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Lavallette Cops Stopped an 80-Person ‘Pop-Up’ Party From Getting Out of Control

Lavallette police car. (Photo: Daniel Nee)

Lavallette police car. (Photo: Daniel Nee)

The recently-passed Independence Day weekend represented a return to normal for many New Jerseyans, however some towns canceled their fireworks displays, expressing public concern following a small riot that broke out in Long Branch two weeks ago and a promise from the promoter of that event to stage more like it.

Promoters of unsanctioned public gatherings, most recently linked to a number of hip-hop themed social media pages, have been responsible for several incidents that have led to property damage and the “trashing” of beach towns, according to officials. Last weekend’s “pop-up” event had been promoted online as an extension of the Long Branch event – in which cars were destroyed and workers had to shelter in businesses until the scene was cleared by police – that would be held in Point Pleasant Beach. At the last minute, word went out on social media that the party would be moved to White Avenue in Lavallette. There was no indication as to how or why this particular street was chosen, but borough police and the Ocean County Prosecutor’s Office had been monitoring social media activity and were ready to encounter a large group of people gathering at once.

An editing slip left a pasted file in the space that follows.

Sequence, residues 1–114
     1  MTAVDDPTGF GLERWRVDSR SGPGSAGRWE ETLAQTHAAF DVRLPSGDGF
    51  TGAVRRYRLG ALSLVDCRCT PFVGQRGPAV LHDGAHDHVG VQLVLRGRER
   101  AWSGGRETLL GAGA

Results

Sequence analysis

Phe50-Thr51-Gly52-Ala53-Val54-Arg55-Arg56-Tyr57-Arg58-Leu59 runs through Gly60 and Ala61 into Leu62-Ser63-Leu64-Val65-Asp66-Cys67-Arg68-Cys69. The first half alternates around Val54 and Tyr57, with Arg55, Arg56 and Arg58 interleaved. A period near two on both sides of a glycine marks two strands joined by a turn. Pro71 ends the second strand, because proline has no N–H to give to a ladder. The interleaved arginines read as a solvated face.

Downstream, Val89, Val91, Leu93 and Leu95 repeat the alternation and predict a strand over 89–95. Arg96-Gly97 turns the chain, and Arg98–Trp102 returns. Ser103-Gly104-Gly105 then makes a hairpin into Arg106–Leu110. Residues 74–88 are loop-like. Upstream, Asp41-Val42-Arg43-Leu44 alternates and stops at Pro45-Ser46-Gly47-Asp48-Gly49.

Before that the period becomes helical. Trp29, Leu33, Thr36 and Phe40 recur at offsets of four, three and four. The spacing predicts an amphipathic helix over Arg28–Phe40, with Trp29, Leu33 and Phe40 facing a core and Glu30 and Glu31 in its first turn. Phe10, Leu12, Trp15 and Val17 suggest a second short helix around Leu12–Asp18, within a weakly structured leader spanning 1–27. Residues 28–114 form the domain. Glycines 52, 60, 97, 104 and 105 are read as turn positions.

While the party did not draw the hundreds – or thousands – that past “pop-ups” have attracted, the approximately 80 individuals who came to Lavallette did cause some minor disturbances in the neighborhood.


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“The people up there had just spent some of their own money to put landscaping in the area, and that was trampled,” said Borough Administrator Robert Brice. “Even though nothing serious happened, it was a pretty big event.”

Brice said litter had piled up in the street and trash cans were overflowing by the time the crowd left. The sudden gathering also proved worrisome to neighbors, especially after the recent Long Branch incident and last year’s incident in Point Pleasant Beach.

Mayor Walter LaCicero, a retired borough police officer, said a time-tested strategy was utilized to ensure the crowd did not turn rowdy.

“The approach was one we’re familiar with – just stay there and hang out with everyone,” he said. “The cop will be your best friend for the day.”

Law enforcement at the state, county and local levels had already prepared to surge manpower into a particular town if such a party developed in order to prevent a repeat of the Long Branch incident. Officials said Lavallette officers had been notified that they could be relied-upon to provide mutual aid to a neighboring community. Agencies are beginning to better track digital activity and plan their response to events that can draw large numbers of people to a small area in a short period of time.

“The Ocean County Prosecutor’s Office is all over it to the extent that they are even notifying people out-of-county at this time,” Brice said.


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